The air temperature was in the 50s, the breeze was — as mariners say — fresh, but the clouds cleared as the day went on, and the day did turn sunny. At the stroke of 7:06, all you heard were traps splashing into the water and engines revving to idle as the season began.

The first haul is the one most awaited. Will there be scallops, and as importantly, will there be a viable quantity of them? You dredge like a farmer harrowing a field at a slightly faster than walking pace. Well...at least in theory. Most can't wait, and pull the first dredges after soaking less time than they probably should. As the day goes on the soak periods get longer as the deckhand tires from hauling. There's a reason why baymen have big shoulders. This is one of them.

Like everyone else, we pulled the first pass too soon, but the dredges came up with scallops — lots of scallops — and the game was on. Some passes would pull what seemed to be a halfbushel per dredge, others less, some more, but always scallops showed on the culling table.

For the first two hours the action is relatively furious, but wanes as the sun rises, the bags and baskets fill, and the crew tires. There may be time for a quick bite and a chug of coffee, even a Gatorade or water around the 10 a.m. mark, but the engine only stops if it stalls or needs gas, and the hauling never stops — ask anyone who's done the hauling!

This has been a good season, and by all accounts — from baymen and scientists — it seems as if this will remain so, with scallops to be had until the season closes in March. Oh, they won't be anywhere near as plentiful, but we all have our "secret" spots, so there should be plenty of tasty little critters to get everyone through the holidays and into the New Year — just in case, buy enough to freeze for New Year's Eve!

Our two boats all but maxed-out by around 2 p.m. and we settled down for the long, wet, cold, tiring 90-minuteplus slog back to Riverhead where the shucking process would start. Maybe next year we'll have bigger engines to make it a faster trip...but we probably won't know that until November 6...the seventh is opening day.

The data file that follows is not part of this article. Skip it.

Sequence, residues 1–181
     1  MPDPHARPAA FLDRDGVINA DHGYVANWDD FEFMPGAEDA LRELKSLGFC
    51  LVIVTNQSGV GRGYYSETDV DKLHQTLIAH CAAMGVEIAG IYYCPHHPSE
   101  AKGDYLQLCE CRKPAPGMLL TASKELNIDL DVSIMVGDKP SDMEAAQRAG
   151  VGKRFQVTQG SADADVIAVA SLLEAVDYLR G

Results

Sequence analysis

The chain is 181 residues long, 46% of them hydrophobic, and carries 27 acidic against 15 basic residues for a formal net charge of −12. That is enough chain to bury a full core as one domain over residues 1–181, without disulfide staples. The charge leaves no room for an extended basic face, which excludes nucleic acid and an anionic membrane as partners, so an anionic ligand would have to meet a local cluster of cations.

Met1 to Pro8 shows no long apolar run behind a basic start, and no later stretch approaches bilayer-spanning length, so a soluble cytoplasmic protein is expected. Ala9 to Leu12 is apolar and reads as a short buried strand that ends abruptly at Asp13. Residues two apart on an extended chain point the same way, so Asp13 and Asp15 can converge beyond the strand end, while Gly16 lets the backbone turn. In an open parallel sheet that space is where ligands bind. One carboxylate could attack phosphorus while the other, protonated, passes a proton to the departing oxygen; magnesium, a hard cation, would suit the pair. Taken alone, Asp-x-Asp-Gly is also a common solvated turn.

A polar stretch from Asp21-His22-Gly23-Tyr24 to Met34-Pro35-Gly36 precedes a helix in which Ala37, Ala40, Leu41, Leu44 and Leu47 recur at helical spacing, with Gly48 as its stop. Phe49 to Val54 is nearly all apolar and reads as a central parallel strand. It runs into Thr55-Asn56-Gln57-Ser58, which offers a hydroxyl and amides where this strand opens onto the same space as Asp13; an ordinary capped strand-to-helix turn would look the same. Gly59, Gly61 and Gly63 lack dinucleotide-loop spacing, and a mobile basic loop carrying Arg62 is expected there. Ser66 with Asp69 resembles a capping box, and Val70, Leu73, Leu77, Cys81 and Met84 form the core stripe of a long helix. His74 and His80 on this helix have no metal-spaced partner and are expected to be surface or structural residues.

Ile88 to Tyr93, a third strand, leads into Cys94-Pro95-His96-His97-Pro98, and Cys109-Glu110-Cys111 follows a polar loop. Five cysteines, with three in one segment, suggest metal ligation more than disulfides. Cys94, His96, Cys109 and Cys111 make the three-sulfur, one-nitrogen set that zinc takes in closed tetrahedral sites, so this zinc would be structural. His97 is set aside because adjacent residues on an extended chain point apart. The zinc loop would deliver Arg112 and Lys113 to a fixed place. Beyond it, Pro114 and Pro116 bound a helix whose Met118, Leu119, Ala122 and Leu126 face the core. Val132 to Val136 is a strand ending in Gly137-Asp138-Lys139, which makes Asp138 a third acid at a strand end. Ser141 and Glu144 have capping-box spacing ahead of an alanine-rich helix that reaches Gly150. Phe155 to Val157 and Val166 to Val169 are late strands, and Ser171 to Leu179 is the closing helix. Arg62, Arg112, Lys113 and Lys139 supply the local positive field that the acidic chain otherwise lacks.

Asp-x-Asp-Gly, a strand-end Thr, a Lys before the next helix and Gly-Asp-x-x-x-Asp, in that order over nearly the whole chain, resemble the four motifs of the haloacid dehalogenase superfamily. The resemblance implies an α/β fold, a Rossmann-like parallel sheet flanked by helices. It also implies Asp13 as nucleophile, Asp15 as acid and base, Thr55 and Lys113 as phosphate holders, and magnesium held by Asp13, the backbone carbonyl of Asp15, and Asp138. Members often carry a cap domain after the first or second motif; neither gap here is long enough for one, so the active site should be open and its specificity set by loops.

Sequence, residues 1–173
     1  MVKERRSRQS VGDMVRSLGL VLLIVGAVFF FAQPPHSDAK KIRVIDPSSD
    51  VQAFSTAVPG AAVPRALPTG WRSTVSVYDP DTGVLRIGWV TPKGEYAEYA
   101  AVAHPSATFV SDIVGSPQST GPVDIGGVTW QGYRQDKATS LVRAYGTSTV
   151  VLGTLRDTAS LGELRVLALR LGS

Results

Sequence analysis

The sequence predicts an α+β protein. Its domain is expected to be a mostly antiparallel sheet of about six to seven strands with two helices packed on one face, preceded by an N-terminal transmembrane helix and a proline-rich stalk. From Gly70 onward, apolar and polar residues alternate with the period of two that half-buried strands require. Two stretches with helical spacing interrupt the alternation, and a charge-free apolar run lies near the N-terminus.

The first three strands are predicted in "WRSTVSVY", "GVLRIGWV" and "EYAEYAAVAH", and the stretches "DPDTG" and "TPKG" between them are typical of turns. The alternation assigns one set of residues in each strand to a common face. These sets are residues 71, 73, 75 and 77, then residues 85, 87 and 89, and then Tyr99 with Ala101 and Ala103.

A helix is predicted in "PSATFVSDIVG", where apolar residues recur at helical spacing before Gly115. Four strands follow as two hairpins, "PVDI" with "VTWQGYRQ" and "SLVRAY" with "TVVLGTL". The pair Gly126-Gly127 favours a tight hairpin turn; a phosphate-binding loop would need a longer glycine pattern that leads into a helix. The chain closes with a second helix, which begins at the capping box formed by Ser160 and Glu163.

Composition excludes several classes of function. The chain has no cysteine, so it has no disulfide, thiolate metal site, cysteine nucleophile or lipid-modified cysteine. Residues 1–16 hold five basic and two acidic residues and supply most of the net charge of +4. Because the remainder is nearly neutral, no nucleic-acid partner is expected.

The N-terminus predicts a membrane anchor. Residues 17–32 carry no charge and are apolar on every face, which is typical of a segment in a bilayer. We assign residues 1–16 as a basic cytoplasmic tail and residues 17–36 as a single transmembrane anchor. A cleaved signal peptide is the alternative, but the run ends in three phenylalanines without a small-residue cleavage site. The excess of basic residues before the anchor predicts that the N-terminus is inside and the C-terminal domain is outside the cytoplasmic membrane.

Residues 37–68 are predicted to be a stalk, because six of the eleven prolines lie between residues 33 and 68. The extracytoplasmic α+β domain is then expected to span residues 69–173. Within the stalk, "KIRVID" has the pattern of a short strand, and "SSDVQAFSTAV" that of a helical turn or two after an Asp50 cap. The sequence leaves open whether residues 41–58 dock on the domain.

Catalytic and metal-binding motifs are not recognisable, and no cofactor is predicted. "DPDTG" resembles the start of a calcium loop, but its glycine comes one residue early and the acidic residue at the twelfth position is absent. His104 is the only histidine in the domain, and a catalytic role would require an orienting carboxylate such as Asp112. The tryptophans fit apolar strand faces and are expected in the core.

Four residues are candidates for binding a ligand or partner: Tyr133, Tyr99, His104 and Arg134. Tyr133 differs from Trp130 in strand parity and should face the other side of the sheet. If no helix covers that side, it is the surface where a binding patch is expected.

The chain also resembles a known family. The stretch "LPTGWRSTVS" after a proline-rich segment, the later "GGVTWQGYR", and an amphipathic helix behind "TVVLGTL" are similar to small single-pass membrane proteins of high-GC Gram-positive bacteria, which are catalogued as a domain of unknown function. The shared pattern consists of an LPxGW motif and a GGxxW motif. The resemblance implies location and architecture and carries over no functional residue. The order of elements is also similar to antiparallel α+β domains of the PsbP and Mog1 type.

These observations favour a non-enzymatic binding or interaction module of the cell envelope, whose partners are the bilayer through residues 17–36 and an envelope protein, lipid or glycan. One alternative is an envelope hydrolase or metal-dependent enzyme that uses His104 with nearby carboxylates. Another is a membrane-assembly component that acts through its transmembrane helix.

My, those little critters do taste sweet, though, so I guess I'll be out there again, no matter what.

Rules and Regulations

For permit information, contact the NYSDEC Marine Permit Office at 631-444-0470. No recreational permit is required for state lands. For other information contact the Bureau of Shellfisheries at 631-444-0475.

  • Recreational limit: one bushel
  • Commercial limit: 10 bushels per permit; 20 per boat. Permit is $50.
  • Size limit for bay scallops: 2-1/4 inches mid-hinge to mid-bill.

Getting Them Ready

Get a scallop knife, it has flex in it. Slide into the shell and scoop around, then cut out the cream-colored abductor muscle. YouTube has a good video on how to do it. Search "how to shuck long island bay scallops" and select the first video that shows up (as of the time of this writing). Put them in a freezer bag and freeze...they'll taste almost the same as if they just came out of the bay.

Time to Eat

Scallops are too good to cook, just pop them in your mouth. But, if you must, you can bread them and quickly sautee them in oil.

  • Granulated garlic
  • Chopped onion powder
  • Carapelli extra-virgin olive oil
  • Rienzi Italian-style bread crumbs, fine
  1. Mix the garlic, onion powder and olive oil. This is the sauce, so it's not a lot; it's more or less greasing up the frying pan and a bit more.
  2. Dip the scallops in Rienzi Italian-style bread crumbs (fine).
  3. Get the olive oil mix just to a boil (I believe gourmands call this a sautee!).
  4. Put the scallops in the mix and keep flipping/moving them around until the bread crumbs just show browning.
  5. Chow down.